14. I think that Moore will fall due to the nature of the member with a low profile and really conservative. I think the margin is inflated as Labor has not seen this seat as a possibility.

      In the WA state election, seats like Kalamunda, Murray-Wellington, Bicton and Darling Range (even though it went back to the Liberals at the by-election) would never be in Labor hands but they all fell.

      If you look at trends there are always seats like Moore that fall, yet seats that should fall don’t when there is a swing. East Hills in NSW for instance in the last NSW State Election.

      Also the Julie Bishop factor will be nil – there is no way she will support anyone anymore and won’t have her fundraising and the cash that comes from this.

      Anyhow just my thoughts

      James

    15. I expect Wyatt to have a smaller swing than Porter, Keenan and Hastie.

      A point I hadn’t considered that was raised in the discussion for Banks – now that marriage equality is settled, Labor can how its pitch to bring back socially conservative voters without risking too much in inner city seats, especially with Greens picking up the slack. That will really help in a lot of marginals.

    16. In an ordinary 2019 election (pre-spill), which would have been well after the dust settled in WA Lab’s state win, you’d have to consider Perth and Cowan in play for Libs.

      As it is now presently, Swan and Hasluck are all but certainties to flip Labor, and Pearce too with the momentum of factors so they should be the main priorities then you have Stirling and Canning that could all be in Labor’s grasp if the sandbags fail. If they do indeed both fall then the swing is well and truly on around the country so result won’t mean much overall because Labor will have reached 76 by time polls close in WA.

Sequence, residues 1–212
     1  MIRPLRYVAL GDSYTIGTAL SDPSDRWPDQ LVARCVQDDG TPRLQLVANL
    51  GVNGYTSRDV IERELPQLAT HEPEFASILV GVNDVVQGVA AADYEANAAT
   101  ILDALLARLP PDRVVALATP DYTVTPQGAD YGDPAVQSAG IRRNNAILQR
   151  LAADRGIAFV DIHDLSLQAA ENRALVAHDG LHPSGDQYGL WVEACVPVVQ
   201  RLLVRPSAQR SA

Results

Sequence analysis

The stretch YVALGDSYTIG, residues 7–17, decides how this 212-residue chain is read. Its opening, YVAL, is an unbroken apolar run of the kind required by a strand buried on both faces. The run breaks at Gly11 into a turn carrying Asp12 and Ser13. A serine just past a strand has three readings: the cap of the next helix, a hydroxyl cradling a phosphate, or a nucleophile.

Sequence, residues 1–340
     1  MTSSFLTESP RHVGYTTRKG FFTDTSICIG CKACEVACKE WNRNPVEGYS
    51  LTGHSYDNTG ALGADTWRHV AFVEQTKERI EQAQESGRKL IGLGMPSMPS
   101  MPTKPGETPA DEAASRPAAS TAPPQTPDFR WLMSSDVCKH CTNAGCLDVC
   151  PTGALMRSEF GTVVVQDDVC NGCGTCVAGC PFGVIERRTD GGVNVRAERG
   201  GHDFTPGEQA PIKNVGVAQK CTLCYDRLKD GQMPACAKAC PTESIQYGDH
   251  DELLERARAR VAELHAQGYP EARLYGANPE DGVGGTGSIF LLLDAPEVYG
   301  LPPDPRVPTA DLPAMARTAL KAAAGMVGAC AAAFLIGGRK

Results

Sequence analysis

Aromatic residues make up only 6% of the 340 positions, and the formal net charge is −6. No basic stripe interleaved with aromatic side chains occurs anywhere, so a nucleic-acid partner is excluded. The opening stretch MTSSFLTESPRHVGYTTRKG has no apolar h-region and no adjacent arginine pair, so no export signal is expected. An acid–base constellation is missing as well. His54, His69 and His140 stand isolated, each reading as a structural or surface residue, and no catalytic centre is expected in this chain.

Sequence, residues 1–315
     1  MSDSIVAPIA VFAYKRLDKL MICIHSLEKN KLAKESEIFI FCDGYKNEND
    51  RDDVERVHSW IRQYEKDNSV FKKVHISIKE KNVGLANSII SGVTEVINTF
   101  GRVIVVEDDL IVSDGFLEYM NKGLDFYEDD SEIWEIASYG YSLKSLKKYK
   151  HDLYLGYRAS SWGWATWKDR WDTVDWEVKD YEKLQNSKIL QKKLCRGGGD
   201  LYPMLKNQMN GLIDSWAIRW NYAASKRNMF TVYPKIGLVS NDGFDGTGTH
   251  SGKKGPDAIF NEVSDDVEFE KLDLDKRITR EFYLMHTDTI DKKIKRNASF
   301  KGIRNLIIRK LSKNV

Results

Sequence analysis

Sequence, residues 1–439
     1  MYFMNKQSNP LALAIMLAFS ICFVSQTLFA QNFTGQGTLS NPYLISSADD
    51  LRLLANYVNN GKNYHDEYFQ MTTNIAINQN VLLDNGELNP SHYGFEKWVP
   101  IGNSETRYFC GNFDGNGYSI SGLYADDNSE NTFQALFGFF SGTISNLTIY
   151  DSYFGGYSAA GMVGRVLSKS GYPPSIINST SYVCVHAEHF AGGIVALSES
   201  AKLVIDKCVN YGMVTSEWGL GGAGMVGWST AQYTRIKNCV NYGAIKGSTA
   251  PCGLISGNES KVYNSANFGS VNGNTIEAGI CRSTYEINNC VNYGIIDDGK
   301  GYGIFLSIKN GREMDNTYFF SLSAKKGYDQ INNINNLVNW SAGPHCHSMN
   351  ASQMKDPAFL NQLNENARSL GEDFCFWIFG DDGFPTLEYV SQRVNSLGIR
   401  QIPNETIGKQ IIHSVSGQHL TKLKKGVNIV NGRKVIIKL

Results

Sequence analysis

Curtin, Moore, Tangney, Forrest and Durack are all safe seats for Liberals and only O’Connor a chance to flip but to Nationals.

      Talk of Moore falling is fanciful given that area is the Bible Belt of Perth. Those people would vote for Satan as long as he was wearing blue. Probably have given the insults hurled around factional opponents during preselection.

    17. In terms of the present seats in WA I think Liberals will always hold Curtin, Tangney, Forrest, Durack and O’Connor (which could go to the Nationals)

      Labor will always hold Fremantle, Perth, Burt and Brand. Perth & Fremantle will always be Labor whatever the Greens say – when the Greens held Fremantle State it was enough for Freo people to say never again to the Greens.

      So that leaves the seats of:

      Pearce (this could become a bellweather seat – it has a similar feel of Eden-Monaro NSW – strong mortgage belt with regional / farming),
      Canning (more Liberal but Mandurah is a strong Labor area),
      Cowan (more Labor)
      Hasluck
      Moore (more Liberal)
      Stirling (more Liberal)
      Swan (more Liberal)
      as marginals.

    18. Less certain about Hasluck as I was a few months before. The long wait til election may save Wyatt, who’s got a decent amount of ground support and wasn’t tarred by the Libspill. It’ll only be the general swing across the board that Labor will get that puts him in danger.

      In terms of most like to fall in WA: Swan, Pearce, Stirling, Hasluck, Canning